Alternatively, the inner and outer members of the damper are configured to be suitable for attachment to components of each element on a device, such that the application of relative forces between the elements results in corresponding forces being applied to the inner and outer members of the damper.

Preferably, a parasitic power generator is incorporated within or on the device to provide the electric current that drives the electromagnet.

Preferably the power generator comprises a plurality of power generating units that are arrayed on the device at points where concentrated load would be expected to be applied to the device when it is put to use.

Preferably, the units comprise piezoceramic material. Optionally, the units could comprise piezoelectric unimorph or bimorph material.

Preferably, the device comprises at least one sensor that detects a variable, the value of which can be used to determine a desired amount of electric current to be applied to the electromagnetic coil.

The current applied to the coil can be varied in order to vary the strength of the magnetic field. In turn, the effective increase in the viscosity of the MRF, and hence the amount of damping between the inner and outer members provided by the damper, is dependent on the strength of the magnetic field. Thus, the desired amount of electric current that is determined when a particular value of the variable is detected can be representative of the desired amount of damping that should be applied given that value.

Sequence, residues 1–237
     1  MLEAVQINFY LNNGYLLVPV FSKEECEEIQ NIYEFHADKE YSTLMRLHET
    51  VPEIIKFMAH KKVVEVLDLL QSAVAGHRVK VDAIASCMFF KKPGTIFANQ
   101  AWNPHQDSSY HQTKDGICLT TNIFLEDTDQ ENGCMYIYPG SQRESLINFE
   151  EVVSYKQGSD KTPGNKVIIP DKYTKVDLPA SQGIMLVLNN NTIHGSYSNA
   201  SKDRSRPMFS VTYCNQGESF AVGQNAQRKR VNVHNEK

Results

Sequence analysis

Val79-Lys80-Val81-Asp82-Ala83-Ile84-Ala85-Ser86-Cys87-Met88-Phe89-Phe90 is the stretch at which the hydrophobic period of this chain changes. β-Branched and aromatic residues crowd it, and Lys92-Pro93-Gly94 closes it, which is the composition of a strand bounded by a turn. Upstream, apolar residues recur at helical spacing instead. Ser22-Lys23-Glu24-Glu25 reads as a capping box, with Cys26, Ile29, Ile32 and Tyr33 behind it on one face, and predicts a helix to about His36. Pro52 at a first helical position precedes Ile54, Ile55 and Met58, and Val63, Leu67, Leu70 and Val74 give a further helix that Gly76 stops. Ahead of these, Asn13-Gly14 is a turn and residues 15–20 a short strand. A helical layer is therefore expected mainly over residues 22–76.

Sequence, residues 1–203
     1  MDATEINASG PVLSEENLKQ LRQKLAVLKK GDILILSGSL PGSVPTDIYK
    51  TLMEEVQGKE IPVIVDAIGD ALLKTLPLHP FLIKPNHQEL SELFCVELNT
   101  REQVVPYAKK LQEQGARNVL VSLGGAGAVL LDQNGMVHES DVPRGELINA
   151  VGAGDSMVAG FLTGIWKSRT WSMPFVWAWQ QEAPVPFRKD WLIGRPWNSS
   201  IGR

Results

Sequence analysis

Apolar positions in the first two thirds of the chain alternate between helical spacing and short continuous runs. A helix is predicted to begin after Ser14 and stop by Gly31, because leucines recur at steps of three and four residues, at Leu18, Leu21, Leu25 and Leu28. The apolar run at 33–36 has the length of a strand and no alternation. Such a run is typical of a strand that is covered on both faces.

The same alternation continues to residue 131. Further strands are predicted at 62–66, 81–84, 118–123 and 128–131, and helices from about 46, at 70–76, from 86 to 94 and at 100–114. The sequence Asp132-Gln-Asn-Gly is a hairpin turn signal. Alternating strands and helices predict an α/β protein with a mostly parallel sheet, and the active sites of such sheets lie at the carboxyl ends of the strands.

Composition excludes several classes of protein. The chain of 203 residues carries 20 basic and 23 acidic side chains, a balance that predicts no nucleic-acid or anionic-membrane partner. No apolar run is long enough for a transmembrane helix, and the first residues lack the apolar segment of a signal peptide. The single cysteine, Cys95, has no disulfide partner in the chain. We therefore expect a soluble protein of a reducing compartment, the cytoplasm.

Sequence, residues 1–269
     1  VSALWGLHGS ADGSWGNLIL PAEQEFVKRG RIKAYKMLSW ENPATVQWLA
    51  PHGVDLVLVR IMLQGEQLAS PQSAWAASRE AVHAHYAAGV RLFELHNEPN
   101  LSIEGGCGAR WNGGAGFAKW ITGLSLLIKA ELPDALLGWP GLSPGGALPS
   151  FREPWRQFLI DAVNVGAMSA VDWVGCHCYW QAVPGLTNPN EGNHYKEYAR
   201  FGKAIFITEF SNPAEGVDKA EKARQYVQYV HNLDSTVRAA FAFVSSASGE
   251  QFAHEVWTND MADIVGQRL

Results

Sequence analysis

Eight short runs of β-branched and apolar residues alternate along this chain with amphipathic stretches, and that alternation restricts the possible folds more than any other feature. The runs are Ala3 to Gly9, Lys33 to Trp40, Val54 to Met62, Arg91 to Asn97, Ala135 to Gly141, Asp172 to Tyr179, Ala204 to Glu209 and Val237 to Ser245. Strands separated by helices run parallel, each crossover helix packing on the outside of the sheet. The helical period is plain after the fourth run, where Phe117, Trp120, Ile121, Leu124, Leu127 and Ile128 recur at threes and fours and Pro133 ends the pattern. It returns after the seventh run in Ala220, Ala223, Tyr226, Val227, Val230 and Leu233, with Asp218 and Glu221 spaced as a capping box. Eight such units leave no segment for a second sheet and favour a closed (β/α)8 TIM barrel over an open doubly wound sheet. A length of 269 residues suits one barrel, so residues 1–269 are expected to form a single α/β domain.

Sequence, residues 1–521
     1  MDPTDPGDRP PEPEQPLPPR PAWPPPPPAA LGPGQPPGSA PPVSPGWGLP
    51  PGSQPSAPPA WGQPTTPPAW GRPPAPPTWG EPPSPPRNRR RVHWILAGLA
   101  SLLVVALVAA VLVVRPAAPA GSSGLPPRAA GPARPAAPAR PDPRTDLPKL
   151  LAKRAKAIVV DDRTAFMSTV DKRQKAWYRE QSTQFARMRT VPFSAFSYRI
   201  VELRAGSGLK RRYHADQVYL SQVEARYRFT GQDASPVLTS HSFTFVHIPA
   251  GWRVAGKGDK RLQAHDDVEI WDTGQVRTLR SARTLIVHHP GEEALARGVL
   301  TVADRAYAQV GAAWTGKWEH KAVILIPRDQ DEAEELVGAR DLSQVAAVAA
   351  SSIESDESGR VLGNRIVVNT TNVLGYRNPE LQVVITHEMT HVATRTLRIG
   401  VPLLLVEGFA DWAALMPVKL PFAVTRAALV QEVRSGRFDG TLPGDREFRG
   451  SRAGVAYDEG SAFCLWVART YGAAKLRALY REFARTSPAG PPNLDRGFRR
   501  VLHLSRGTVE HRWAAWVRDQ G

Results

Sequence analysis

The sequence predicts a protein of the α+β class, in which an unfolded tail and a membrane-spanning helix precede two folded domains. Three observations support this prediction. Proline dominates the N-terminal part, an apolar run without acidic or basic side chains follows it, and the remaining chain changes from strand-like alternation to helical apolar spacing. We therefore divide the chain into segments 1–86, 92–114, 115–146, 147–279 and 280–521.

Preferably an intelligent control unit (ICU) is provided, which is capable of receiving input signals from the sensors and outputting command signals to the damper.

Preferably, an algorithm is used by ICU to determine a desired relationship between the input signals and the command signals.

Preferably, the device is a snowboard, one of the outer member and inner member of the damper is attached to the surface of the board, and the other of the inner member and outer member is attached to a raised portion formed on the board.

Preferably, the centre axis of the device is transversely oriented with respect to the longitudinal axis of the board.

Preferably, the centre axis of the device is parallel with the longitudinal axis of the board.

Preferably, a plurality of dampers are attached to the board. Dampers may be provided which have a mixture of centre axis orientations as above.

Preferably, torsion forks are provided on the board and connected to the inner member of the device to enable control of torsional stiffness of the board.

Preferably, a piezoceramic power generating unit is provided at a binding assembly.

The binding assembly is the point at which a boarder would clip their boots into the board.

Optionally, the device is a golf club, one of the outer member and inner member of the damper is attached to the shaft of the club, and the other of the inner member and outer member is attached to or forms the grip of the club.

Optionally, the device is a handle which is a component of a machine.